Dir: Phyllida Lloyd. UK-France. 2011. 104mins


Meryl Streep delivers a nomination-friendly – and physically pretty much spot-on – performance as former British Prime Minister Margaret Thatcher in the oddly superficial The Iron Lady, a film that reinforces the legend and tolerates little dissent (rather like the woman herself) as it potters through a political and personal life that straddled remarkable times. But while the script is littered with fine moments of dialogue, the film is low on drama or dynamic direction and relies on the ever-impressive Streep to save it from being just another biopic.

Meryl Streep’s wonderful performance is the film’s driving force.

The Iron Lady opens at the end of the year in the US and Australia/New Zealand and on January 6 in the UK. It is in its home country where it is most likely to divide opinion – in the US old-time Republicans may still have a soft spot for Maggie (or Baroness Thatcher as she is now), but in the UK she is still a figure who excites strong debate and divides opinion, and despite the presence of Streep the film will be a tough sell into some urban city areas which are resolutely anti-conservative and stridently anti-Thatcher.

It may well be that The Iron Lady is a film packed with strong performances and structured in an almost theatre-style manner (it could easily exist as a stage-bound production), but there is no separating the politics – especially in the UK – from the production.

The film opens delightfully as doddery old Maggie has slipped her heavily armed minders and popped round to the local shop to buy a pint of milk. She returns to her Chester Square flat to make tea and boiled eggs for loyal husband Dennis (Jim Broadbent, as effortlessly charming as always).

But when her loyal aide June (Susan Brown) comes into the kitchen it is revealed that Margaret is sitting alone at the breakfast table. Dennis has in reality died some time ago, though to her he is still very much alive. She is due to finally clear out his clothes from their wardrobe, and the prospect of having to do this triggers a series of memories for her.

While attending a dinner party with her daughter Carol (Olivia Colman in a sweet and amusing performance) she recalls the moment she first met Denis 60 years earlier, and reflects on the origins of her political ambitions as the young Margaret (Alexandra Roach, one of this year’s Screen International Stars of Tomorrow) listened to her greengrocer father (Iain Glenn) talk at political meetings.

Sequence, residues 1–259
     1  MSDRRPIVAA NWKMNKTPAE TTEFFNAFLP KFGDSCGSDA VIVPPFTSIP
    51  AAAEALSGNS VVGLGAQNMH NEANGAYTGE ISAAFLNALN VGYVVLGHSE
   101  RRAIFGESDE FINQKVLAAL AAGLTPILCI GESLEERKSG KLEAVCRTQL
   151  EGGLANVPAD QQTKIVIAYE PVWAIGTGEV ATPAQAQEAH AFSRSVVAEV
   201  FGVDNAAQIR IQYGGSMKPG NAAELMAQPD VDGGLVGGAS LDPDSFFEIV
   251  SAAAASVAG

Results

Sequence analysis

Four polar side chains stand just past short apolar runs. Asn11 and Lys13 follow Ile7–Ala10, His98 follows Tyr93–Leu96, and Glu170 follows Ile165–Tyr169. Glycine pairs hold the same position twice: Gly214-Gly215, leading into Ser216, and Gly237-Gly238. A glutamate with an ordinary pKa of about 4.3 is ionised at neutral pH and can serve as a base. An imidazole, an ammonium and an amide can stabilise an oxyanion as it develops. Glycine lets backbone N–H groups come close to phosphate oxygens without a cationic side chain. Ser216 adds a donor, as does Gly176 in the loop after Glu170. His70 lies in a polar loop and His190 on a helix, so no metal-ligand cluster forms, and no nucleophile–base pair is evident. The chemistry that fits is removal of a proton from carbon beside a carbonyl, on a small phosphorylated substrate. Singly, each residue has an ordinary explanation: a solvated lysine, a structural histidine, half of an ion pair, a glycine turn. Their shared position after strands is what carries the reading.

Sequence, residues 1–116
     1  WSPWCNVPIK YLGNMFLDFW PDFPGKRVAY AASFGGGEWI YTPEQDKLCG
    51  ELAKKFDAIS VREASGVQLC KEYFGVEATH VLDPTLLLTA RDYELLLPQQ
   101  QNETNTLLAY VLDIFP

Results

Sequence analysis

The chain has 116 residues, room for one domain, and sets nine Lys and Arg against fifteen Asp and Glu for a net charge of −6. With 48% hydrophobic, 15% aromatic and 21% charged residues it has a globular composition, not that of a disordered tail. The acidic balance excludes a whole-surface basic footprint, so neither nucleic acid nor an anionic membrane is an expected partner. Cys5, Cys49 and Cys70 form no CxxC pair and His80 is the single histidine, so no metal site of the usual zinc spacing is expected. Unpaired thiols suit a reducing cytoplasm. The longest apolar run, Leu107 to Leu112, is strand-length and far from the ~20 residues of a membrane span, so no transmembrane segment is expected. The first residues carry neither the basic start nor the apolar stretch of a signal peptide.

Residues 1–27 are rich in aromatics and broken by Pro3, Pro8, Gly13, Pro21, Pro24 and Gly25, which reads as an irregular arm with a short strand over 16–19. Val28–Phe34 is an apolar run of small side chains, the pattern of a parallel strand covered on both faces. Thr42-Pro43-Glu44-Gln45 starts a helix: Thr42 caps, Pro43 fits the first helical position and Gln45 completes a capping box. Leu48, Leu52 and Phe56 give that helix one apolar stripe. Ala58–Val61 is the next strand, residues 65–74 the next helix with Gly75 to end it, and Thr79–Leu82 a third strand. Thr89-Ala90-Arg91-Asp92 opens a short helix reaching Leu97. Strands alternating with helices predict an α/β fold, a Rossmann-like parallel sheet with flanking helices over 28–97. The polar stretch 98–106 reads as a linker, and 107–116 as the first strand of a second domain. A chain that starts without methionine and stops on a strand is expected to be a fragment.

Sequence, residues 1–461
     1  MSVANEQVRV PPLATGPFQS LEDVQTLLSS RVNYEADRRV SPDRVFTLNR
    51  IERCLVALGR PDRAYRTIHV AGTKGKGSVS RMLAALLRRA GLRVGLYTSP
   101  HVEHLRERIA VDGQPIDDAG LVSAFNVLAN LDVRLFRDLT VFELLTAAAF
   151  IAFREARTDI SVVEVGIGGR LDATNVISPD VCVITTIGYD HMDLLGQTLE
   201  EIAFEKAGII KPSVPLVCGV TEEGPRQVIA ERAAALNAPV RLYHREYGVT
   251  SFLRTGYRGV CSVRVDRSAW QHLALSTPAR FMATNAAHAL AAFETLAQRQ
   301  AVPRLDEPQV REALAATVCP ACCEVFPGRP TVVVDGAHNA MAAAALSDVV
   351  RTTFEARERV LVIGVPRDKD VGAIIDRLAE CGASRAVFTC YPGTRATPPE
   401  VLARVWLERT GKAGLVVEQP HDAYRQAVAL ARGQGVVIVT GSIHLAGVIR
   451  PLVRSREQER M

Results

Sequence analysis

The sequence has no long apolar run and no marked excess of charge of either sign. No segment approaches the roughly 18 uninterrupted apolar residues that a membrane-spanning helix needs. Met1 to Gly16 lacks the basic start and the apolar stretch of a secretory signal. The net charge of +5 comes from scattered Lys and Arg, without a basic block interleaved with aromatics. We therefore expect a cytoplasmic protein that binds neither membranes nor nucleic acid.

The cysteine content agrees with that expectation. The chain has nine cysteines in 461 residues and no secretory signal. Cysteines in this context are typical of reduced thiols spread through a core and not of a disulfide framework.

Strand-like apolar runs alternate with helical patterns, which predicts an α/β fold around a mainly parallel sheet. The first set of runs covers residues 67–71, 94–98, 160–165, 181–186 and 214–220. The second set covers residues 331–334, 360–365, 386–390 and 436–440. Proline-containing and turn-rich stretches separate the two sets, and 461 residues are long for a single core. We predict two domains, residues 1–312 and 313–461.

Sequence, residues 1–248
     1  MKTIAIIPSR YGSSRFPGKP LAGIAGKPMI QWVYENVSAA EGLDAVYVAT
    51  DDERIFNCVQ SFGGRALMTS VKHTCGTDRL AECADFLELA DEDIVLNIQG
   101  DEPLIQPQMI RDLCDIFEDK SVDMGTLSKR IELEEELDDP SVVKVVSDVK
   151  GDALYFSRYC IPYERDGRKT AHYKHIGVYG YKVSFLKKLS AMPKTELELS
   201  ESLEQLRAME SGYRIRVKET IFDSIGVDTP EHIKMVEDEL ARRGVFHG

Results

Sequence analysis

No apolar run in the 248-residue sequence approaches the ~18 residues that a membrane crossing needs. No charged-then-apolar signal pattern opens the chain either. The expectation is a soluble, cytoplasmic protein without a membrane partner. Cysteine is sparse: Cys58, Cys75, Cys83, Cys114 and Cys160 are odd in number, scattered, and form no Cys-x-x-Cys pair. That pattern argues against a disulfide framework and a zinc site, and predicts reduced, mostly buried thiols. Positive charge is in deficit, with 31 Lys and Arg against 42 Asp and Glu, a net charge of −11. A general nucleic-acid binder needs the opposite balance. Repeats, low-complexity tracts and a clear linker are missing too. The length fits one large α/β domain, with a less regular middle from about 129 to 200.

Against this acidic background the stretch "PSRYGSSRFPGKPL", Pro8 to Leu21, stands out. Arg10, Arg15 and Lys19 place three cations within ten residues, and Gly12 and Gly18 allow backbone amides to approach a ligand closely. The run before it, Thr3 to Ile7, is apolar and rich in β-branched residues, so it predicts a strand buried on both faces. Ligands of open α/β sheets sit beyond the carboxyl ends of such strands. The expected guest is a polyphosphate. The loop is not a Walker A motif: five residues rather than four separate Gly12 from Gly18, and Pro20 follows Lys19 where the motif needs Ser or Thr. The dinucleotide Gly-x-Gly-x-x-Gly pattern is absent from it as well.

The doddery old Margaret also recalls her love for Dennis and happy times with her young children Carol and Mark, but also acknowledges the conviction and ambition that saw her win her seat in Parliament, start an on-going battle with the fuddy-duddy establishment and finally decide to run for leader of the Conservative party.

Her resolute conviction sees her battle against Unions and tackle civil unrest and also have to deal with the death of her friend – and according to the film, mentor – Airey Neave (Nicolas Farrell in a charming performance) in a bomb attack.  It is all handled in a quite perfunctory manner in the film, with even possibly the most dramatic (in terms of tangible impact to Thatcher) moment, when her Brighton hotel room is torn apart in an IRA bomb blast, filmed in rather matter-of-fact style and a sense of dramatic opportunities lost.

Thatcher has her Churchill moment as she turns her attentions to Argentina when it invaded the British held Falkland Islands, ordering a Naval taskforce to take on the country and refusing to back down even in the face of considerable casualties. Her determination leads to victory, but in the coming months she starts to lose the support of her cabinet and eventually has to make a final exit from 10 Downing Street.

Meryl Streep’s wonderful performance is the film’s driving force and she manages to capture Thatcher’s determined stare; her demure-but-dangerous disposition and her posture perfectly, especially in the scenes of Maggie as an elderly and slighted demented pensioner. Her towering performance goes some way in papering over Phyllida Lloyd’s workmanlike direction that delivers a film that is affectionate rather than investigative and romantic rather than realistic.

Lloyd and Streep, of course, worked together on the successful Mamma Mia!, and even The Iron Lady has a few musical references as Maggie dwells on her favourite musical The King And I, and also gets to have a little dance with Dennis. The film also has a The King’s Speech moment as Maggie is given lessons on vocal training and presentation as she prepares to make her bid for the Conservative leadership.

Streep’s performance is mightily aided by astonishingly good hair and make-up from J. Roy Helland, who should also be a shoe-in when it comes to awards nomination time.

The Iron Lady is diverting rather than absorbing, offering up essentially the story of an old woman who dwells on her past – never with regret or shame, but only with affection. The fact that this woman was such an important figure in 20th century British politics and society seems to be almost an afterthought.

Production companies: DJ Films, Pathe, Film4, UKFC, Canal+, Goldcrest Film Production

International sales: Pathe International, www.patheinternational.com

Producer: Damian Jones

Executive producers: Francois Ivernel, Cameron McCracken, Tessa Ross, Adam Kulick

Co-producers: Anita Overland, Colleen Woodcock

Screenplay: Abi Morgan

Cinematography: Elliot Davis

Editor: Justine Wright

Production designer: Simon Elliott

Music: Thomas Newman

Main cast: Meryl Streep, Jim Broadbent, Olivia Colman, Roger Allam, Susan Brown, Nicholas Farrell, Iain Glenn, Richard E Grant, Anthony Head, Nick Dunning, Harry Lloyd, Alexandra Roach